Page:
26 Leadership Characteristics To Effectively Manage Teams
Updated March 10, 2023
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Effective leaders help their companies organize teams and make challenging decisions. While every professional has a unique leadership style, their common characteristics include empathy, communication and delegation. Developing these skills can help you advance your career and contribute to your organization's success.
In this article, we explain what leadership characteristics are and discuss 26 qualities that can help you manage your team or organization effectively.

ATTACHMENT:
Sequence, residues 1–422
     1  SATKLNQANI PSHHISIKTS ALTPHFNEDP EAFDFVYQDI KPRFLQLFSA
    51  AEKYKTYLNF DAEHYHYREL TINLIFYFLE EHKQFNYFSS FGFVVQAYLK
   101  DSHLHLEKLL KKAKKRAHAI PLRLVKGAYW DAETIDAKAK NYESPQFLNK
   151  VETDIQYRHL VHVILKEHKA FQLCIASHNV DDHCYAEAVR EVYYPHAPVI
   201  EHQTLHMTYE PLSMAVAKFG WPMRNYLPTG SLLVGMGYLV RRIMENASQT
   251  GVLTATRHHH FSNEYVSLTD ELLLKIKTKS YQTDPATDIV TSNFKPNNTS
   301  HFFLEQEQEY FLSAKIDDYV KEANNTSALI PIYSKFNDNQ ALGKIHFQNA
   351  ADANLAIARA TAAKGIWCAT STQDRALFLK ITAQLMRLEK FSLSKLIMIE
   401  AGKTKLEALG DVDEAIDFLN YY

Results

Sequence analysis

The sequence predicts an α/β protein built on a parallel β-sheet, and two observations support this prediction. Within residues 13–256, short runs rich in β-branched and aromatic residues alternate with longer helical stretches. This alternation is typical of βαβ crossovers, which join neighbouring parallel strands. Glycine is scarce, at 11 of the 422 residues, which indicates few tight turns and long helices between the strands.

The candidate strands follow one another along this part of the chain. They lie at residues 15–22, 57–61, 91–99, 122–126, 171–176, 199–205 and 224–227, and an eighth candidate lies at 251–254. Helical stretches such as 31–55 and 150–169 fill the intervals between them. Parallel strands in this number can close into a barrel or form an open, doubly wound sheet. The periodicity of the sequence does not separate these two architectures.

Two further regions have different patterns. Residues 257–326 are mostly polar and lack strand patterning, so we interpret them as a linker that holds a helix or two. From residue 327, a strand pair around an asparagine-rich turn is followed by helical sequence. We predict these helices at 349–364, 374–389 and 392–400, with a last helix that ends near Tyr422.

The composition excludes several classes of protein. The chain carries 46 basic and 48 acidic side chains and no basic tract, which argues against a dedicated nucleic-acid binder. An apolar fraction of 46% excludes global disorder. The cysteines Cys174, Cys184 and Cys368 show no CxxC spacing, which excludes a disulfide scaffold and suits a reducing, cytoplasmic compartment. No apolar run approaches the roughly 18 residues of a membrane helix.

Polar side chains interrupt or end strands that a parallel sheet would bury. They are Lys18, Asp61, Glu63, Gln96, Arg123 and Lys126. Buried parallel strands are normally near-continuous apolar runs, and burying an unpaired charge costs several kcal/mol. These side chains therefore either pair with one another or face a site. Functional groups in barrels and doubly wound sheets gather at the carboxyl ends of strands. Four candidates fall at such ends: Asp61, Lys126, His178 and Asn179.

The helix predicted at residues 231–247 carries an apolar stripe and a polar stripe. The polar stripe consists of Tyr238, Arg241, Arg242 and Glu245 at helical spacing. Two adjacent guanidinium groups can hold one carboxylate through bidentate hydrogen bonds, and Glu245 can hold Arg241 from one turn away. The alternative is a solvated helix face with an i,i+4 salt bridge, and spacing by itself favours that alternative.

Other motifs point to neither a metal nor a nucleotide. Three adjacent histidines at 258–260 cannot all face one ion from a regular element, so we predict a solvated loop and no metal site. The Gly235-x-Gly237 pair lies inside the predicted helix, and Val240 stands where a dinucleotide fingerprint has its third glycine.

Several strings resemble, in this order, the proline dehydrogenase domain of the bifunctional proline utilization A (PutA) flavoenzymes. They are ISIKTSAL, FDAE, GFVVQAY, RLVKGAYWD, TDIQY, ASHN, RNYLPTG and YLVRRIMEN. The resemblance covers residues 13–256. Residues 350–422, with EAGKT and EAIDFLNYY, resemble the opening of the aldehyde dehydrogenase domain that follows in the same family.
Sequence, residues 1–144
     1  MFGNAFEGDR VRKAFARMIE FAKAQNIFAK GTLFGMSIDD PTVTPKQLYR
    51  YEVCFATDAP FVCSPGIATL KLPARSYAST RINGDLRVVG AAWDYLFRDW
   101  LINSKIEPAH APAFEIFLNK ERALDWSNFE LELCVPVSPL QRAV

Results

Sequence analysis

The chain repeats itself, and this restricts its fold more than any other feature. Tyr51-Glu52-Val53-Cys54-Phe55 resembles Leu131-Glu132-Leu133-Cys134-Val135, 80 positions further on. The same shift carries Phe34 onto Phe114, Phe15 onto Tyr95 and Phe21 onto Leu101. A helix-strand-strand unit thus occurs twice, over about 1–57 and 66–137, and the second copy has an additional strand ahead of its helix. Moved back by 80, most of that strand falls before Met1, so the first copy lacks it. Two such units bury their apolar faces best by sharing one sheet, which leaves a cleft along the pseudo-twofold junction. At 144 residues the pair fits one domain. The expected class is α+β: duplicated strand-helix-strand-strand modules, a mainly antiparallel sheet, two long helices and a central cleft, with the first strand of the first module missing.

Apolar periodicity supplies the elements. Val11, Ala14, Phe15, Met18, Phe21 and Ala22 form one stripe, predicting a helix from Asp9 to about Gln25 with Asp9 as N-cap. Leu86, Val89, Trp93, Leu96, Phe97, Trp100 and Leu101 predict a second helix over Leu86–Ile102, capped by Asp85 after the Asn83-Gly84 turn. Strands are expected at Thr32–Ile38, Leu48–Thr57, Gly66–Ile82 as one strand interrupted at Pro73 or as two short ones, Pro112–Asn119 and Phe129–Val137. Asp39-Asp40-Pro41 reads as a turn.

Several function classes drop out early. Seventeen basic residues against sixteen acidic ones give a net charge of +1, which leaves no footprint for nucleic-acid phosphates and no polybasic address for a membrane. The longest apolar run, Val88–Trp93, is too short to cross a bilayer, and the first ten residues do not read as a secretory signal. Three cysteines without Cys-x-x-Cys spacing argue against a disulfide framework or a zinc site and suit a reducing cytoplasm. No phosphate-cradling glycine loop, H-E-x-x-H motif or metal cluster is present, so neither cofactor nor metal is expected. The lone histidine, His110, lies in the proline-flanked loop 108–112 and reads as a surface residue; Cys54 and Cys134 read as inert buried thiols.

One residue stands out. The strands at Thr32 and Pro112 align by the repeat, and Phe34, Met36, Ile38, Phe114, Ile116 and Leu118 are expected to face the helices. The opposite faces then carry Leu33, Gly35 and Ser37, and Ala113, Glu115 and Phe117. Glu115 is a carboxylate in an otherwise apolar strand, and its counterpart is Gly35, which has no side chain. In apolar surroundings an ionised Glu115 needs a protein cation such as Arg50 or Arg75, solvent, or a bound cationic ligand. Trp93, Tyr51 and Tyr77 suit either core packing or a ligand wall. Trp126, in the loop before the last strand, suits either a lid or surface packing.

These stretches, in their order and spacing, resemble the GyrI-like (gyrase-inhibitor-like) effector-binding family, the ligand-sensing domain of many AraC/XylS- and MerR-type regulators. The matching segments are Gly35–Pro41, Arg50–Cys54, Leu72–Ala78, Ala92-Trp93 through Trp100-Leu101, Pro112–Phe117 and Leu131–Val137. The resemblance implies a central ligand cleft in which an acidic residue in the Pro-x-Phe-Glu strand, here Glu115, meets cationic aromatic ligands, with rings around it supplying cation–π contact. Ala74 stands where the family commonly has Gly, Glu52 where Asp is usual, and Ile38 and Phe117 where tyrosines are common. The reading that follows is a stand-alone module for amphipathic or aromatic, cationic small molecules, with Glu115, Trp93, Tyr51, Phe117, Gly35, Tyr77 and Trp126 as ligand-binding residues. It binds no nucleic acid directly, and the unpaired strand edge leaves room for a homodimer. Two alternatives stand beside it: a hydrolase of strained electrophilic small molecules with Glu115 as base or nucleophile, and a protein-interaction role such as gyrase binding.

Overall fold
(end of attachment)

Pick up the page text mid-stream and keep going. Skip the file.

What are leadership characteristics?
Leadership characteristics are the qualities that professionals use to manage a project, team or organization. A professional can use traits like communication and delegation to guide employees toward a common goal. Successful leaders often possess these characteristics naturally, though it's possible to develop them through practice.
26 leadership characteristics
Here are 26 leadership characteristics to consider developing:
Integrity ensures leaders retain the respect of other employees and promote a positive image of their organization. You can demonstrate this characteristic by abiding by your industry's general moral code and the organization's unique ethical considerations. When a leader displays integrity, other employees are likely to follow.
It's your responsibility as a leader to set the tone for the workplace. Moderate your behavior and make sure you stay positive even in the face of challenges. By acknowledging the positive aspects of each situation and finding solutions to the negative components, you encourage your employees to adopt a similar mindset.